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6 Science-Backed Ways to Naturally Increase Testosterone for Over-50 Men

Testosterone plays an important role in men’s health. Track your level then optimize it with these simple tips from InsideTracker.

Testosterone is the main male sex hormone that plays an integral role in growth and development, cognitive and sexual function, and healthy aging throughout a man’s life. [1] Testosterone levels drop around 1%-2% each year after age 40. [2] Certain dietary and lifestyle practices can help naturally increase testosterone, promoting healthy aging and enhancing performance. 

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How testosterone is measured

Testosterone is an anabolic hormone that is responsible for helping to regulate puberty, sperm production, sex drive, bone health, muscle mass, strength, and even red blood cell production and hemoglobin concentrations. [1] And these processes run smoothly when there is a balance between bound and free testosterone. Bound testosterone means that the hormone is attached to a protein like albumin or sex hormone-binding globulin (SHBG). Most testosterone in the blood, around 97-98%, is bound. [3] However, this type of testosterone is biologically inactive. Free testosterone, however, is the form responsible for regulating testosterone-specific actions in the body, despite its relatively minuscule concentration compared to its bound counterpart. Total testosterone is a combination of the two.

The low end of the normal range for total testosterone is between 250-300 ng/dL and the upper end is 1,000-1,100 ng/dL. [1] But just because something’s normal, doesn’t mean it’s optimized. Testosterone can still be low within this normal range. 

The impact of low testosterone on men’s health

Low testosterone can impact physical performance and quality of life. Symptoms of low testosterone include low libido, fatigue, depressive moods, erectile dysfunction, and loss of muscle mass. [4] Whether your goal is to build muscle, promote healthy aging, or improve overall health, here are six ways to naturally boost testosterone. 

1. Consider taking an ashwagandha supplement

Ashwagandha is an herb derived from the roots of the Withania somnifera plant. It’s an integral component of Ayurvedic medicine and can now commonly be found as a supplement. Ashwagandha is most known for its ability to reduce stress, but it can also help boost testosterone levels in men. 

One randomized controlled trial of 57 males with little experience in resistance training showed that daily supplementation of 600 mg of Ashwagandha for eight weeks significantly increased testosterone levels compared to a placebo. [5] These men also had markedly improved measures of muscle strength compared to the placebo at the end of the study. A smaller study of 46 males with low sperm counts took 675 mg a day for three months. Blood testosterone levels increased 17% compared to the beginning of the study, and sperm count also increased. [6] Another study found a nearly 15% greater increase in testosterone levels after 16 weeks of ashwagandha supplementation compared to placebo. [2] Interestingly, however, a study that included women found that ashwagandha didn’t impact testosterone levels. [7]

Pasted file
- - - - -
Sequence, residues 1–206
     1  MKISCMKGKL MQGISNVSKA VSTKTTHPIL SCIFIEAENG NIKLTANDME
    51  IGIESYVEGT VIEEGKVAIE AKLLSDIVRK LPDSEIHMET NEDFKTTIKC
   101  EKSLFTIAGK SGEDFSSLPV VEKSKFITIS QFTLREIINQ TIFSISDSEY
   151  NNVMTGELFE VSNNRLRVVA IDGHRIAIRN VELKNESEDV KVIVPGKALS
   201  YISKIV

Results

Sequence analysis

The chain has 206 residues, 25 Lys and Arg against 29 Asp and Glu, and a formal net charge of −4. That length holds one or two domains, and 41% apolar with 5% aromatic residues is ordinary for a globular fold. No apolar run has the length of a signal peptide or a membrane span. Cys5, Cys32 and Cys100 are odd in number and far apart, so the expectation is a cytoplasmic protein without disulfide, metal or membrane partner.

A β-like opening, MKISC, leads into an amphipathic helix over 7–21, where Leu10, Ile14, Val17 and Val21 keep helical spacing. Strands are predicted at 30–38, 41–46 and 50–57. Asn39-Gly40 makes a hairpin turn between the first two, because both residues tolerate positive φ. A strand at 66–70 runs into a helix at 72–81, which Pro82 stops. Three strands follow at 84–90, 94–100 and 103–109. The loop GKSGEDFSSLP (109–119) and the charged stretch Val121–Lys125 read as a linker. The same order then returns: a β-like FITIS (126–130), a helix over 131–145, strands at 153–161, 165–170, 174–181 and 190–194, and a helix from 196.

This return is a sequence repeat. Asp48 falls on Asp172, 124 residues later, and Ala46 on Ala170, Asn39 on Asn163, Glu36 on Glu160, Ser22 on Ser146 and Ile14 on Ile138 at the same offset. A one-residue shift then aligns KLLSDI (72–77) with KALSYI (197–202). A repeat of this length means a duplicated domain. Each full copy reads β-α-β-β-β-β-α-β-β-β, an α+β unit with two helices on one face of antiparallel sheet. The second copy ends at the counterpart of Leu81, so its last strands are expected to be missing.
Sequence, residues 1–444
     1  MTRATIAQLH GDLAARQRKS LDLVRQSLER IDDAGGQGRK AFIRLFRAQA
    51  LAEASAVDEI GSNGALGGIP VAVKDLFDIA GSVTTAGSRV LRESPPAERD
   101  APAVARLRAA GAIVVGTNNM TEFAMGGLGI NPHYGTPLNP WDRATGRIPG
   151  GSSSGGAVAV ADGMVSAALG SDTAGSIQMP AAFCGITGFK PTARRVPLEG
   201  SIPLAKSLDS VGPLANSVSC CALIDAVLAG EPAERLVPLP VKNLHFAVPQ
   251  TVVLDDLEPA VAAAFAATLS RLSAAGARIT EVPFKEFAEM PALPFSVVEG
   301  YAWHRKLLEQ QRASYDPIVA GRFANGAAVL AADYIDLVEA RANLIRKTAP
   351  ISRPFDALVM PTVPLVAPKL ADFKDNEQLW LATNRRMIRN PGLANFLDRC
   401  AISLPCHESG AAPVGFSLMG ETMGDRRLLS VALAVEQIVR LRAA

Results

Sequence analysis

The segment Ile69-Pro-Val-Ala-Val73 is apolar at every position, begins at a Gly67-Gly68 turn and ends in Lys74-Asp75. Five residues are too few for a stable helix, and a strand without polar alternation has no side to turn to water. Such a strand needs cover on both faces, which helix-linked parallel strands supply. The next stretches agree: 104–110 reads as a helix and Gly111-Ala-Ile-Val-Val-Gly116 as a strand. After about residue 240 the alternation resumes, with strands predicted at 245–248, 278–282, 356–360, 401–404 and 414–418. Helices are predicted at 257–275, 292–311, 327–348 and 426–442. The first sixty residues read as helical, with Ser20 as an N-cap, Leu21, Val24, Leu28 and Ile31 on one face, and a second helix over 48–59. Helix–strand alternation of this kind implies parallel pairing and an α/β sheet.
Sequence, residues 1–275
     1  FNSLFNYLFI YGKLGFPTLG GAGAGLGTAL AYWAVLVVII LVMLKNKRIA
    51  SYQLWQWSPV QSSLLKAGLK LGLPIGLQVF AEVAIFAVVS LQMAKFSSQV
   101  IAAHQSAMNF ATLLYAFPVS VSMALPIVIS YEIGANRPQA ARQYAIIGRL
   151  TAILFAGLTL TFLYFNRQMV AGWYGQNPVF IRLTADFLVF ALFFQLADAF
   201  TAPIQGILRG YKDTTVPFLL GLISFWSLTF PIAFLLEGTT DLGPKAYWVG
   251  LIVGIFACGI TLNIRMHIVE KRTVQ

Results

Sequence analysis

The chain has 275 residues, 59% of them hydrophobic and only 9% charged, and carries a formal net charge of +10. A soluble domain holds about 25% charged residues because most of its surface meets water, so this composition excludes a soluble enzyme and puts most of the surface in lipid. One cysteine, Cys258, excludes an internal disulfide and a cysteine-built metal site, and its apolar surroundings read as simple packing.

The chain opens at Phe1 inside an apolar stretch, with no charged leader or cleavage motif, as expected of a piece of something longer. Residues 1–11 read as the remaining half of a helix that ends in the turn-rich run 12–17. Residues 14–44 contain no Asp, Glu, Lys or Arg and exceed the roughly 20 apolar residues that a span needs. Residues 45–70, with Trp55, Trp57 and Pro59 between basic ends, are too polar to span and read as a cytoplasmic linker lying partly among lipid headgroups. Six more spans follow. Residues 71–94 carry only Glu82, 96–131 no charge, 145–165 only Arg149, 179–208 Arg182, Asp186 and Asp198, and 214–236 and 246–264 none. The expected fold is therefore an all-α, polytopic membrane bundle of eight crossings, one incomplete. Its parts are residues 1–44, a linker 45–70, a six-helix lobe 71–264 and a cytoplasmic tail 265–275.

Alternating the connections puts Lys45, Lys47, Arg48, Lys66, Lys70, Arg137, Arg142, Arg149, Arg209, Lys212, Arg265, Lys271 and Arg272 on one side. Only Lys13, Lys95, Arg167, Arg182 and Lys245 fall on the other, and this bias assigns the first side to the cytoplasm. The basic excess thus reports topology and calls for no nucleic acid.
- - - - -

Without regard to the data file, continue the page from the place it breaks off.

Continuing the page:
Ashwagandha supplements can be an effective remedy for men with low testosterone levels. It’s best to get a blood test to determine your free and total testosterone levels before beginning an ashwagandha supplement regimen. 

 2. Focus on sleep quality and duration

Sleep quality and duration can impact testosterone. Too much or too little sleep is associated with lower testosterone, whereas adequate sleep duration is associated with improved testosterone levels. A 2015 study including 1,274 men aged 65 and older showed that up to almost 10 hours of sleep correlated with increased testosterone. [8] One small study of 10 men found that even just short-term sleep deprivation (one week of sleeping only five hours per night) significantly reduced testosterone. [9] This sleep restriction also increased the stress hormone cortisol and induced low energy and libido.

Aim to get at least seven to nine hours of sleep per night. If sleep declines during a busy work week, catch-up sleep on the weekends can improve testosterone levels. [10] Magnesium or melatonin supplements and bedroom temperature, humidity, and light can all influence sleep. Find out more hacks for getting a restful night’s sleep without changing your bedtime in this blog. 

3. Optimize vitamin D levels

Vitamin D is most known for its role in bone health, but there are vitamin D receptors throughout the body — including in reproductive tissue. For middle-aged men, low vitamin D has been linked to low testosterone. [11] And a large study of 1,362 men found that higher vitamin D levels in the blood were positively correlated with higher testosterone levels. [12] Vitamin D supplementation can even boost testosterone in people who are deficient in the vitamin. A year-long trial of both men and women found that daily supplementation of just over 3,000 IU per day significantly increased total testosterone and free testosterone (and corrected the vitamin D deficiency). [13] 

Before beginning a high-dose vitamin D supplement to improve testosterone, it’s best to know where both of those values stand as, if neither are low or deficient, this supplementation may not be a beneficial intervention. Check out this article for more information on testosterone and vitamin D.  

4. Be physically active, but don’t overdo it